We deny that AI will make us more or less human, or that AI will ever obtain a coequal level of worth, dignity, or value to image-bearers. Future advancements in AI will not ultimately fulfill our longings for a perfect world. While we are not able to comprehend or know the future, we do not fear what is to come because we know that God is omniscient and that nothing we create will be able to thwart His redemptive plan for creation or to supplant humanity as His image-bearers.

Genesis 1; Isaiah 42:8; Romans 1:20-21; 5:2; Ephesians 1:4-6; 2 Timothy 1:7-9; Revelation 5:9-10

Article 11: Public Policy

We affirm that the fundamental purposes of government are to protect human beings from harm, punish those who do evil, uphold civil liberties, and to commend those who do good. The public has a role in shaping and crafting policies concerning the use of AI in society, and these decisions should not be left to those who develop these technologies or to governments to set norms.

We deny that AI should be used by governments, corporations, or any entity to infringe upon God-given human rights. AI, even in a highly advanced state, should never be delegated the governing authority that has been granted by an all-sovereign God to human beings alone. 

Romans 13:1-7; Acts 10:35; 1 Peter 2:13-14

Article 10: War

We affirm that the use of AI in warfare should be governed by love of neighbor and the principles of just war. The use of AI may mitigate the loss of human life, provide greater protection of non-combatants, and inform better policymaking. Any lethal action conducted or substantially enabled by AI must employ 5 human oversight or review. All defense-related AI applications, such as underlying data and decision-making processes, must be subject to continual review by legitimate authorities. When these systems are deployed, human agents bear full moral responsibility for any actions taken by the system.

We deny that human agency or moral culpability in war can be delegated to AI. No nation or group has the right to use AI to carry out genocide, terrorism, torture, or other war crimes.

Genesis 4:10; Isaiah 1:16-17; Psalm 37:28; Matthew 5:44; 22:37-39; Romans 13:4

Article 9: Security

We affirm that AI has legitimate applications in policing, intelligence, surveillance, investigation, and other uses supporting the government’s responsibility to respect human rights, to protect and preserve human life, and to pursue justice in a flourishing society.

We deny that AI should be employed for safety and security applications in ways that seek to dehumanize, depersonalize, or harm our fellow human beings. We condemn the use of AI to suppress free expression or other basic human rights granted by God to all human beings.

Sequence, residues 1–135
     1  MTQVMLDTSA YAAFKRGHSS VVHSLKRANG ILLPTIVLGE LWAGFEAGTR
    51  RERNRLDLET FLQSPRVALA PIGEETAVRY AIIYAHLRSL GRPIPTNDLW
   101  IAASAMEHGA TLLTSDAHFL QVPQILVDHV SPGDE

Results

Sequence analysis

Romans 13:1-7; 1 Peter 2:13-14

Article 8: Data & Privacy

We affirm that privacy and personal property are intertwined individual rights and choices that should not be violated by governments, corporations, nation-states, and other groups, even in the pursuit of the common good. While God knows all things, it is neither wise nor obligatory to have every detail of one’s life open to society.

We deny the manipulative and coercive uses of data and AI in ways that are inconsistent with the love of God and love of neighbor. Data collection practices should conform to ethical guidelines that uphold the dignity of all people. We further deny that consent, even informed consent, although requisite, is the only necessary ethical standard for the collection, manipulation, or exploitation of personal data—individually or in the aggregate. AI should not be employed in ways that distort truth through the use of generative applications. Data should not be mishandled, misused, or abused for sinful purposes to reinforce bias, strengthen the powerful, or demean the weak.

Exodus 20:15, Psalm 147:5; Isaiah 40:13-14; Matthew 10:16 Galatians 6:2; Hebrews 4:12-13; 1 John 1:7 

Article 7: Work

We affirm that work is part of God’s plan for human beings participating in the cultivation and stewardship of creation. The divine pattern is one of labor and rest in healthy proportion to each other. Our view of work should not be confined to commercial activity; it must also include the many ways that human beings serve each other through their efforts. AI can be used in ways that aid our work or allow us to make fuller use of our gifts. The church has a Spirit-empowered responsibility to help care for those who lose jobs and to encourage individuals, communities, employers, and governments to find ways to invest in the development of human beings and continue making vocational contributions to our lives together.

We deny that human worth and dignity is reducible to an individual’s economic contributions to society alone. Humanity should not use AI and other technological innovations as a reason to move toward lives of pure leisure even if greater social wealth creates such possibilities.

Genesis 1:27; 2:5; 2:15; Isaiah 65:21-24; Romans 12:6-8; Ephesians 4:11-16

Article 6: Sexuality